email segmentation

How data can be used to take your email marketing up a level

What needs to be done to bridge the gap between ordinary email marketing and best-in-class email marketing?

I’ll be taking a look at our recent report, Bridging the Gap in Email Marketing, written by Morag Cuddeford-Jones and in partnership with Pure360, in which interviews were conducted with digital marketing professionals across a range of businesses, exploring the challenges and opportunities for marketers who are committed to taking their use of email to the next level.

As the report reveals through its interviews, to ‘go up a level’ in email marketing actually means the necessary act of going down a level. Many levels in fact. Drilling deeper and deeper into data, into the organisation and deeper into the customer’s needs to deliver effective campaigns.

There are four key areas which need to be explored; mobile, personalisation, automation & integration, and data. Here we’ll be taking a look at the latter discipline.

Email marketing segmentation: dead man walking?

It seems like the staple diet of a digital marketing blogger is to declare something dead, or not dead, or cleverly D.E.A.D.

Only this week, our David Moth wrote a piece on email marketing’s rude health (email is not dead). 

I think the reason we’re obsessed with the death of marketing technology is because, despite the pace of change in digital, there are many age-old marketing principles that remain absolute. 

Relevance, timeliness, perhaps more broadly the four, five or seven Ps – these will ever remain in the marketing canon.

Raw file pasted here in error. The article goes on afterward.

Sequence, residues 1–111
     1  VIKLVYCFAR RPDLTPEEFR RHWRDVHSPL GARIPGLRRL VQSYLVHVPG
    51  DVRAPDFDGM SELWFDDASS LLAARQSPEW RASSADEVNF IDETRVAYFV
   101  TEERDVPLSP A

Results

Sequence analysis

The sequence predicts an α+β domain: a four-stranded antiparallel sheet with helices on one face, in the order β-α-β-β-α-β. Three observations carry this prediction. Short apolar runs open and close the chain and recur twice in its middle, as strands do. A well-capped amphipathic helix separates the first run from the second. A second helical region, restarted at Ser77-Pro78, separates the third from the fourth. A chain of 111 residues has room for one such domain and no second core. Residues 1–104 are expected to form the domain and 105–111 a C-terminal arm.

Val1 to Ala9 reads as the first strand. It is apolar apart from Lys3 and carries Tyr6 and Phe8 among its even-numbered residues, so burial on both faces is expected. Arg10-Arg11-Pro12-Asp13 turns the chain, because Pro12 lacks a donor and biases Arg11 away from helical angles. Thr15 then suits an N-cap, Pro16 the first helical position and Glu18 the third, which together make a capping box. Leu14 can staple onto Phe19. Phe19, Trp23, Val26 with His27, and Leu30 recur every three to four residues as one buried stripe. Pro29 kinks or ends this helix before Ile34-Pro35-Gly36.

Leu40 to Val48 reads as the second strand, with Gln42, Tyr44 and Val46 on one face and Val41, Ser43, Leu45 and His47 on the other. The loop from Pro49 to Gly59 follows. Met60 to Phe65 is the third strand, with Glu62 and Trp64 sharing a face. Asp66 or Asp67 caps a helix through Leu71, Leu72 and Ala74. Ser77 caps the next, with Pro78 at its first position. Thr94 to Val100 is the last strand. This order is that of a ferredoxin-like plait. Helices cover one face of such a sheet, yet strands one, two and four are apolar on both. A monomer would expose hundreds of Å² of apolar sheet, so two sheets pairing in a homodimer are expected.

And, of course, no matter how sophisticated technology becomes, there will still exist businesses that don’t get the marketing mix right. 

However, despite all this, I am interested in areas of marketing that might undergo automation and sophistication to the point where they require little work. 

What I foresee is the perfection of certain disciplines (e.g. marketing automation) throwing light on new priorities, such as a renewed interest in conversion rate optimisation or data cleanliness.

With marketing as a department more powerful than ever, why would the amount of work decrease? Surely we’re sticking our elbows out, and our oars into every part of the org? 

So, what about email segmentation? Will there be a time when it’s no longer a core skill, something to be done actively by marketers? Will technology take care of it for us?

10 case studies that show the power of email segmentation

In spite of all the advances and innovations in digital marketing, good old email remains as one of the most effective channels for driving traffic and conversions.

Econsultancy’s Email Marketing Census found that just over half (55%) of respondents achieved more than 10% of their sales from email.

But to really reap the benefits of email marketing businesses should also be personalising their campaigns based on user demographics and behaviours, and according to the Census three quarters (73%) carry out basic segmentation.

However only 22% said that they currently implement ‘advanced segmentation’.

To show why this tactic is so important I’ve rounded up 10 case studies from businesses that have improved their traffic or conversions using segmentation…

73% of businesses carry out basic email segmentation: report

Almost three-quarters (73%) of businesses carry out basic email segmentation while a further 16% are planning to implement it, according to the new Econsultancy/Adestra Email Marketing Census.

After basic segmentation, encouraging sharing of content (52%) and regular list cleansing (49%) are the email practices which marketers are most likely to be undertaking.

Businesses are clearly seeing the benefits of segmenting their email marketing as a further 46% are planning to implement a more advanced programme.

The report, which is based on a survey of 1,329 agency and client-side respondents, looks in detail at the approaches taken and the resources given to email marketing, as well as issues regarding effectiveness, deliverability, technology integration and mobile.